But what about competition? Isn’t it true that if the merger was procompetitive a challenge announcement would likely mean less competition for Verizon and also predict an increase in stock price? AAI’s comment tries to have this both ways. If Verizon’s price stays still, its because it has nothing to fear from exclusion (contra the economics above); if it goes down, the DOJ announcement has decreased the likelihood of those coordinated effects Sprint and AAI argued were so likely (but then there is Sprint’s big jump); and if Verizon prices increase then it just means that we weren’t right in the first instance than they were safe from exclusion. One is reminded of Tom Smith and his incredible bread machine. But this leads to an interesting point. Brunell and AAI (and perhaps other proponents of the DOJ challenge), as pointed out in the comments, appear to agree with me that stock market reactions are probative evidence of competitive effects. Perhaps they believe that the exclusionary theory is a better explanation of the facts — I obviously don’t think so. But we are where we are. That theory is not alleged. Now that we’ve observed the quite significant stock market reaction of Sprint to the challenge announcement. Do we at least agree those facts are in tension with the coordinated effects theory made so prominent in the DOJ complaint?
Couldn’t There Be Other Important Factors Explaining Stock Price Movements Unrelated to the Competitive Implications of the DOJ’s Challenge?
To write the question is to answer it. You bet there could be. And indeed, I wrote in the first post that while the fairly dramatic stock price reactions of Sprint and Clearwire were probative, the post was not a full-blown event study that would account for those events, formulate a market model, and test for the abnormal returns surrounding the announcement controlling for other important events. Further, not all competitors are created equal. Under the efficiency story, the distribution of benefits will accrue proportionately to the rivals who were most likely to face increased competition post-merger (and now are more likely not to). I certainly agree with Rick Brunell’s summary comment that the stock price evidence is somewhat “mixed.” There are small and relatively ambiguous effects — once one includes the market performance — on the stock prices of Metro and Verizon. Leap is more clearly down, even if by a small amount relative to the market. There may well be a variety of factors unrelated to the announcement confounding effects here. This is the reason we do real event studies in practice and why I do not believe the simple collection of evidence here warrants sweeping conclusions about the merits of the merger.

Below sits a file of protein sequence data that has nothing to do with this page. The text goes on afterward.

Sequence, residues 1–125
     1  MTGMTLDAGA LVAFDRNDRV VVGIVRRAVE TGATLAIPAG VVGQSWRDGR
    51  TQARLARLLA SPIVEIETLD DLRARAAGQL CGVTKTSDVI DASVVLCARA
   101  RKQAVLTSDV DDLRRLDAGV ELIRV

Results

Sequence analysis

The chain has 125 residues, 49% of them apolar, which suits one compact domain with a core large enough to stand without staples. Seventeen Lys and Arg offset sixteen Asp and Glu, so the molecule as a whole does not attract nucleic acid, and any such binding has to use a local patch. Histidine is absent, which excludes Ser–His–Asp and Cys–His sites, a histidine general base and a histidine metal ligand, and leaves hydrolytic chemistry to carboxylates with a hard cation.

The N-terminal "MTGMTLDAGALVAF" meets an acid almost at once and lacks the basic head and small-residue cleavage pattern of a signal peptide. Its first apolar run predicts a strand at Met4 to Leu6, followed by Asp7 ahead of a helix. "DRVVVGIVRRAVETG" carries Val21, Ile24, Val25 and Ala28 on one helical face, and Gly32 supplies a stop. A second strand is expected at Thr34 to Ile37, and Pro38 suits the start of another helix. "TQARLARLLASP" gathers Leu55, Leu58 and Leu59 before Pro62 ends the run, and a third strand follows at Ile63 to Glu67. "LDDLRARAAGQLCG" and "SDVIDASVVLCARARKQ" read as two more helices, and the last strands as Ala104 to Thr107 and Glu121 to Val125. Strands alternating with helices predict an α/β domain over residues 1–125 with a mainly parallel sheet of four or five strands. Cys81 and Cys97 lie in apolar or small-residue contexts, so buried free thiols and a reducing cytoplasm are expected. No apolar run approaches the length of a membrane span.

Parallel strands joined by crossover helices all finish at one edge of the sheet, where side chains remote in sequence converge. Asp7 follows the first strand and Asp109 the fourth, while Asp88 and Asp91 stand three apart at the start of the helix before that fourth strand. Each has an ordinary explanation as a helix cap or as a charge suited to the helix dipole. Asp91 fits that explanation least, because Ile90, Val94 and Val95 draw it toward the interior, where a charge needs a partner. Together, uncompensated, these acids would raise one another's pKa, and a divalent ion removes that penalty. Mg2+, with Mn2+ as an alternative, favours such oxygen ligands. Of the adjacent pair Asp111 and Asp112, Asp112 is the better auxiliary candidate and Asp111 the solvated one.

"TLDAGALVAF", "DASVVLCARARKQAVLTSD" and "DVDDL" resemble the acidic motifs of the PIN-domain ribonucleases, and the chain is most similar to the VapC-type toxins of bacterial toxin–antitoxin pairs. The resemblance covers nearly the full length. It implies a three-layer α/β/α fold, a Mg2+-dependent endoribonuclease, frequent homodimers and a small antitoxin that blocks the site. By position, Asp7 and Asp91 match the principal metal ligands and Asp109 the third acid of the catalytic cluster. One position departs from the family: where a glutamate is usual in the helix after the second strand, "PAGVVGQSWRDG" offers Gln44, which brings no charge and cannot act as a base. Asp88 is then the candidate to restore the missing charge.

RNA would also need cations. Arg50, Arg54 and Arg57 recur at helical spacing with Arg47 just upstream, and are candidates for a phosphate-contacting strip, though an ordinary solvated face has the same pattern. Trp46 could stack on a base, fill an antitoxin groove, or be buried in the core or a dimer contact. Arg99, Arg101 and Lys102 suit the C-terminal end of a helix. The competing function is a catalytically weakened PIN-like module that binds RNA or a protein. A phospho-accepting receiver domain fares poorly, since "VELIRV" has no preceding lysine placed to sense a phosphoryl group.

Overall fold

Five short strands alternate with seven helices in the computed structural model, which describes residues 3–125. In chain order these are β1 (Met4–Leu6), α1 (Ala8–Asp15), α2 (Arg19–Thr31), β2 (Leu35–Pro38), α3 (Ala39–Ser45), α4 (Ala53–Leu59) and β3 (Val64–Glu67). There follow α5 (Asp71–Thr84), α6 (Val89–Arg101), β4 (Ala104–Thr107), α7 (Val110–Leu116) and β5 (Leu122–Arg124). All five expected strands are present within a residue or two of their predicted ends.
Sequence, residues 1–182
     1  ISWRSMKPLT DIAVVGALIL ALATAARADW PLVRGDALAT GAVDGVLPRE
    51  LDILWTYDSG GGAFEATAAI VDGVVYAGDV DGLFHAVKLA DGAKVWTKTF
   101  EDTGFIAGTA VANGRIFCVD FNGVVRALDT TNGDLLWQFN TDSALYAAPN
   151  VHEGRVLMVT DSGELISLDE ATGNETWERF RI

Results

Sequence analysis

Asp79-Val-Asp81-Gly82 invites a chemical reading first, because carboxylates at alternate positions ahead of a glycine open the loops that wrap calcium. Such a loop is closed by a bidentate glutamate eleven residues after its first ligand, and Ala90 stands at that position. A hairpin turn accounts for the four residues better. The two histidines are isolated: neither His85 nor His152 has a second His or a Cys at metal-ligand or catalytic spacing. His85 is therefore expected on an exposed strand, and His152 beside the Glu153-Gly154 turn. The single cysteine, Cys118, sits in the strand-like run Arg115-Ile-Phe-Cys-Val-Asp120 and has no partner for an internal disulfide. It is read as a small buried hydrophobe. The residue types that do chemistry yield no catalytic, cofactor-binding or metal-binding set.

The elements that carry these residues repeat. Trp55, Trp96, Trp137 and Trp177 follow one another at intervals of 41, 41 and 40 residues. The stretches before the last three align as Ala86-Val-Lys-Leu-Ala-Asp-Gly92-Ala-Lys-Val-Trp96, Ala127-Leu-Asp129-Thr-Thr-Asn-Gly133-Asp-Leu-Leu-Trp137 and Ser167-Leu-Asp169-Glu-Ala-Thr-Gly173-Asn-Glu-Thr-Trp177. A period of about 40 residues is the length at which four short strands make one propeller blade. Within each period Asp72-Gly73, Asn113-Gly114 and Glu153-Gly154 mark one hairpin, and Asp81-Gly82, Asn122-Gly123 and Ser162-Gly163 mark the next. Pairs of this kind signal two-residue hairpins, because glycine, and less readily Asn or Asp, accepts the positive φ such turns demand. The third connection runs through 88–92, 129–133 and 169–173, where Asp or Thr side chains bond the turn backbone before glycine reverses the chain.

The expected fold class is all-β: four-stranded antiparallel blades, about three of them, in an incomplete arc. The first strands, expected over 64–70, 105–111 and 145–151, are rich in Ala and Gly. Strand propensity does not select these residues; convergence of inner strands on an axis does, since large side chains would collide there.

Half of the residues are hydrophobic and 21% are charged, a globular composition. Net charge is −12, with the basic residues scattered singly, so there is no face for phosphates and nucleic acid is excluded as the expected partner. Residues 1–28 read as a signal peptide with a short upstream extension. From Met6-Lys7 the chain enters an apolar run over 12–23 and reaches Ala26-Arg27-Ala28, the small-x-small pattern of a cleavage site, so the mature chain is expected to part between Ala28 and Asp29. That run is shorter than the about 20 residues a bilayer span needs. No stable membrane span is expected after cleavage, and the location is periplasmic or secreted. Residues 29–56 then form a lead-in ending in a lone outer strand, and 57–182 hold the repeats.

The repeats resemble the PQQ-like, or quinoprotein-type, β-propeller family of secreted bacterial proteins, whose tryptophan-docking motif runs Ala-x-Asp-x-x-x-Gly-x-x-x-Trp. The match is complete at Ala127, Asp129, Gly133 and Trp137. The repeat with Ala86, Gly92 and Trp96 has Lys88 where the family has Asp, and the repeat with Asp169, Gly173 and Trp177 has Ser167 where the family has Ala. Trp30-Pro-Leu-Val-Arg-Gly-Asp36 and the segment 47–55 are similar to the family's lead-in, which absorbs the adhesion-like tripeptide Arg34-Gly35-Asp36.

However, the DOJ complaint tells us that the important competitive players in the market — the “Big Four” — are AT&T, T-Mobile, Sprint, and Verizon. Focusing upon the non-merging big 4, we see Sprint’s price going up dramatically and Verizon’s staying put. The former is simply more consistent with procompetitive theories than the coordinated effects and unilateral effects theories alleged in the DOJ complaint. One might expect an announcement to block a procompetitive merger to have a greater positive impact on Verizon stock. But, as many have observed in the press, the impact of the merger upon Verizon is complicated by a number of factors, not the least of which is that the challenge announcement increases the likelihood that the DOJ is committed to challenging any future attempts to merger by Verizon. Unless spectrum capacity is increased dramatically (see this excellent Adam Thierer post on this score) in the very near future it is difficult to see how the reduced ability to exercise that significant and valuable option would not also impact Verizon. Thus, while not a slam dunk by any means, the procompetitive theory of the merger does a pretty decent job on the Big Four. It certainly beats the coordination theory trumpeted in the Complaint. As for the attempt of AAI and Sprint to salvage the DOJ complaint with the exclusionary theory — perhaps it is not too late to amend, but it isn’t there now and I’d warn the DOJ against including it. With respect to the DOJ’s Big Four, the exclusionary theory is not only new and relatively controversial in the Guidelines, but also makes a strong prediction concerning a Verizon stock price increase that is inconsistent with the data.
There will certainly be more data as we move along. And it should interesting to watch how things unfold both in the market and between the DOJ and FCC as well. For now, however, color me unconvinced by the heavy reliance upon the structural, “Big 4 collusion” story leading the Complaint and the attempts to save it with exclusionary theories.